James Thomas Wainwright Halliday

James Thomas Wainwright Halliday


     James Thomas Wainwright Halliday was brought up as a boy in the neighbourhood of Port Hope, Ontario, receiving but an elementary school education at one of the country schools. At the age of fourteen, he was engaged as a helper in the Nicholson File Factory where he remained until his enlistment in the C.E.F. in 1915.

     He tried to enlist when the first call for troops was made in the summer of 1914 when war broke out but was dissuaded from doing so by his parents because of his youth. When a company of the 21st Battalion was mobilized in Port Hope, he again desired to enlist but was again dissuaded. On the mobilization of the 39th, he became more insistent and was permitted to offer himself although he had not yet reached his 17th birthday.

     In England he was drafted to the 21st Battalion that distinguished itself in France. With this unit he served until his death. On the morning of 15 September 1916, an attack was made in the neighbourhood of Courcelette, when an exploding shell killed two comrades beside him and fatally wounded him. He made his way to an old German trench where he could not be reached for two days. When help came he was beyond all need of care as he died on the 16th.

     His age at death was eighteen years and five months. Unposted postcards for his family were found on his person and a testament that he valued in his breast pocket. He was buried by the "Sunken Road" between Ouvillers and Courcelette where a cross with his name and regiment marks his grave. His was the spirit of the noble men of Canada that command the esteem of all the world.


Taken from the "Book of Remembrance (A record of the men of Port Hope who participated in the Great War of 1914-1918)" by James A. Elliott, Chairman of Committee, Port Hope, Jan. 1st, 1919.

Above photo and text reproduced with permission

The following is a summary of his service file held by Archives Canada


Apr 22, 1898

Born in Liverpool, England to John H. and Mary Ann Halliday


Sep 9, 1905

Embarked the SS Athenia in Glasgow, Scotland with his parents and 2 siblings



Sep 19, 1905

Disembarked in Montreal, Quebec


Feb 12, 1915

Attested into the 39th Battalion CEF in Port Hope, Ontario

Ø  Number 412600

Ø  Next of kin given as John Halliday, father, RR #4 Port Hope, Ontario

Ø  Previous occupation given as Labourer

Ø  No previous military experience given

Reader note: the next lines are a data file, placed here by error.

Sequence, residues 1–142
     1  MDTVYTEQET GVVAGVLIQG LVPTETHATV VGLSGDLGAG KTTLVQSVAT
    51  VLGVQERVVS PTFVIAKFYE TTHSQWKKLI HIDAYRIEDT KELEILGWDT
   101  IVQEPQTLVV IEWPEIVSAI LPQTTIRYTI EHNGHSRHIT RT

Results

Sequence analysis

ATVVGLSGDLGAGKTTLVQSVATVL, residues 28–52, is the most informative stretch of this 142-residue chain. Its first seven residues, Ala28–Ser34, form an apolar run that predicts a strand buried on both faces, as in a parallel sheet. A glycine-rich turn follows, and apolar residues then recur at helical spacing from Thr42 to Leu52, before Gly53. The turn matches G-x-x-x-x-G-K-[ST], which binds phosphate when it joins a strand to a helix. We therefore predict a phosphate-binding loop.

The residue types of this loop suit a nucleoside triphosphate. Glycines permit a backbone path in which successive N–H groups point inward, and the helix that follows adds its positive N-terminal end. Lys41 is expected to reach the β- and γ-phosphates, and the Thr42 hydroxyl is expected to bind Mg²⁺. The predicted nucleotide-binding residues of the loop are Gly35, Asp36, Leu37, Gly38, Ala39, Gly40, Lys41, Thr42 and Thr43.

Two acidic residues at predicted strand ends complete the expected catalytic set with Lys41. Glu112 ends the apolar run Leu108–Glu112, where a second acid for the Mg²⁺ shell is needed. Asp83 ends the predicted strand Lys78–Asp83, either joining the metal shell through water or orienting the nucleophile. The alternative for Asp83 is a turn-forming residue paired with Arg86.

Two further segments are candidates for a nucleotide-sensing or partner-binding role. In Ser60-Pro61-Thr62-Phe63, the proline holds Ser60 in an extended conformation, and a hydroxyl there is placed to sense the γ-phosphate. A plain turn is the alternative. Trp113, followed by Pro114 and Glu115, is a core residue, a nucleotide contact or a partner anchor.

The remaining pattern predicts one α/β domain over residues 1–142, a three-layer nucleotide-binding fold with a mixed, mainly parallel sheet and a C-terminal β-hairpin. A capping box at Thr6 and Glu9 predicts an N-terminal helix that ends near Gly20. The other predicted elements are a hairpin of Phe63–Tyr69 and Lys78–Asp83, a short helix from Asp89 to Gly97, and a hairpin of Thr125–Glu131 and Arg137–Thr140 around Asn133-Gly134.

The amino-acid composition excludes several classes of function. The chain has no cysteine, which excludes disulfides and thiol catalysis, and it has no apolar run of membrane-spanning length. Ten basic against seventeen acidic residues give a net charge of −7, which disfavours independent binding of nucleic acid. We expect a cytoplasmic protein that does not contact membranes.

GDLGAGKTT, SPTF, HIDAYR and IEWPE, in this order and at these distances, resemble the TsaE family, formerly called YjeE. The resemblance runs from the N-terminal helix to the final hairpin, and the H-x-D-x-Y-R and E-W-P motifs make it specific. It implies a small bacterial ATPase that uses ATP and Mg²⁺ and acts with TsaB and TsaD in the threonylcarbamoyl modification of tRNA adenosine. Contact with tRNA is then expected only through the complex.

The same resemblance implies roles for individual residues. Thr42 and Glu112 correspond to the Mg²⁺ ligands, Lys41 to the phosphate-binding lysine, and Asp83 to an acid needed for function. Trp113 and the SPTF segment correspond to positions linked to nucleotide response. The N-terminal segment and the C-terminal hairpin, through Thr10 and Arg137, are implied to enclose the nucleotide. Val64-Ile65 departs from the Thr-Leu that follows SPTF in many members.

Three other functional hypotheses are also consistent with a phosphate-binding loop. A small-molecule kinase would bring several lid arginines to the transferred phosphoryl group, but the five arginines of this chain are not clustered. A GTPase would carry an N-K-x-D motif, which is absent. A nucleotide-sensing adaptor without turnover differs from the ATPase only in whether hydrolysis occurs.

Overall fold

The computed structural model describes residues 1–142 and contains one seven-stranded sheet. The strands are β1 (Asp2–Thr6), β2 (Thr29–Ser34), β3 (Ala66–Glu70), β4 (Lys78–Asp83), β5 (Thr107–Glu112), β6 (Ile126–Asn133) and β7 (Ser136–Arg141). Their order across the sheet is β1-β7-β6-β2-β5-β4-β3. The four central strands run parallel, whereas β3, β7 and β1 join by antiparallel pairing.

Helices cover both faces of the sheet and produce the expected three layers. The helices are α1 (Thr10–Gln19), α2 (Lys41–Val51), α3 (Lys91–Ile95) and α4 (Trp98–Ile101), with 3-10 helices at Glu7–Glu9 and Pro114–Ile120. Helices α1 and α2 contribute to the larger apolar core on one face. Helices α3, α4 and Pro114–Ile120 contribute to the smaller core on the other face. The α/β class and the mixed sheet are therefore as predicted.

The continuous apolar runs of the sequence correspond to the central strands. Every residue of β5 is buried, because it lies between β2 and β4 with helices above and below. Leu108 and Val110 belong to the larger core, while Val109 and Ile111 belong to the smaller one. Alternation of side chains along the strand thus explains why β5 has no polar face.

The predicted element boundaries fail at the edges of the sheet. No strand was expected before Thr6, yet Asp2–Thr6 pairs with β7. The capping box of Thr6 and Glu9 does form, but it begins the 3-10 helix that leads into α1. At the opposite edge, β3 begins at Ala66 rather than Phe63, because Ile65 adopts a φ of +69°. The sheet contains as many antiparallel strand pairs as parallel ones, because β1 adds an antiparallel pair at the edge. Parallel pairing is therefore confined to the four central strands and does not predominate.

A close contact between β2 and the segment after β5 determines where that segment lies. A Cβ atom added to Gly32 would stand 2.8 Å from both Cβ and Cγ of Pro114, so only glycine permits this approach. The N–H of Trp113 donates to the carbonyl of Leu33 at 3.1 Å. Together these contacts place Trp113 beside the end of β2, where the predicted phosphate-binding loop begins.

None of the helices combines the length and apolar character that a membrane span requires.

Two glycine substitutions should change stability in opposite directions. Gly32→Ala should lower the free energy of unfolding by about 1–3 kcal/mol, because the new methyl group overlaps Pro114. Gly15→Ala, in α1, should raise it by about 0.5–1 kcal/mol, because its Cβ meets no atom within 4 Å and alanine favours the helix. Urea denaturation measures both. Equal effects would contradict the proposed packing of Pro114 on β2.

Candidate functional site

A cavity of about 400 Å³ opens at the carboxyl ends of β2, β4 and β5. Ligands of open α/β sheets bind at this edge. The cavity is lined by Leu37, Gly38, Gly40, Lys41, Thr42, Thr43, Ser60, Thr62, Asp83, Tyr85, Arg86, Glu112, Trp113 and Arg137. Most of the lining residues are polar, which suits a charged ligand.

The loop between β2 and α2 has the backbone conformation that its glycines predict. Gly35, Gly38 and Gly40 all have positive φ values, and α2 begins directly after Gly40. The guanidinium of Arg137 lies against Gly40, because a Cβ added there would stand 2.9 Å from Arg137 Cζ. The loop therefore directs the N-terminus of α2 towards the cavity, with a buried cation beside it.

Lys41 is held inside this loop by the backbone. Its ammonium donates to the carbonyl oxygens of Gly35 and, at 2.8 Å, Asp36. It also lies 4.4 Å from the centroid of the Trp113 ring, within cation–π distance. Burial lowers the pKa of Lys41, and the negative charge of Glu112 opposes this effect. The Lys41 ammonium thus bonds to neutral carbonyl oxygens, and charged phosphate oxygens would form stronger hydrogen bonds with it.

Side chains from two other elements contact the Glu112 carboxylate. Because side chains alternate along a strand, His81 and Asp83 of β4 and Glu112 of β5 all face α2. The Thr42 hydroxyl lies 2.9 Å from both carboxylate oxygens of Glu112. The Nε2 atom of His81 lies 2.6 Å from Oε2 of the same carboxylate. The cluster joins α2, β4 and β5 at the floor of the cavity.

Ø  Religion given as Wesleyan

Ø  Assigned to “B” Company

His parents signed a consent form giving permission for him to enlist as he was underage

The battalion trained in the Belleville, Ontario area


Jun 17, 1915

Embarked the SS Missanabie in Montreal, Quebec



Jul 3, 1915

Disembarked in Plymouth, England and proceeded to Shorncliffe and then on to Lydd to continue training


Sep 24, 1915

The 39th Battalion moved to West Sandling to continue training


Nov 18, 1915

Transferred to the 21st Battalion


Nov 19, 1915

Arrived at the CBD (Canadian Base Depot) in the Rouelles Camp, Havre, France as part of a draft of 267 reinforcements from England and TOS (Taken On Strength) the 21st Battalion


Nov 23, 1915

After leaving the base depot, Private Halliday joined the 21st Battalion in billets in La Clytte, Belgium


Sep 15, 1916

The battalion was assigned the objective of a strongly defended sugar refinery south of Courcelette, France as part of the battle of the Somme.  The enemy put up fierce resistance and the losses were heavy.  Private Halliday was first reported to be missing, but later it was determined that he had been killed in action.

There was no official record of his burial site and his remains could not be located.  His name is honoured on the Canadian National Vimy Memorial, Vimy Ridge, France for those killed during the war with no known grave.



Following the war the 1914-15 Star, British War Medal, Victory Medal and Memorial Cross were sent to his mother, Mrs. M.A. Halliday, 168 Bleecker St., Toronto, Ontario

The Plaque (Dead Man’s Penny) and Scroll were sent to his father, John Halliday, at the same address



For the 7 nights leading up to November 11, 2010, the names of all Canadian soldiers were projected onto the Belgian War Memorial in Ypres.  At the same time, the same names were being broadcast via the internet to schools across Belgium and Canada.  The image above shows the opening ceremonies at the Belgian War Memorial on November 4, 2010. 

Below on the left is the name of James Halliday being projected on that wall.  Below right shows the name being broadcast to the schools.  Each name appeared for 25 seconds and each night 9,700 names were shown.


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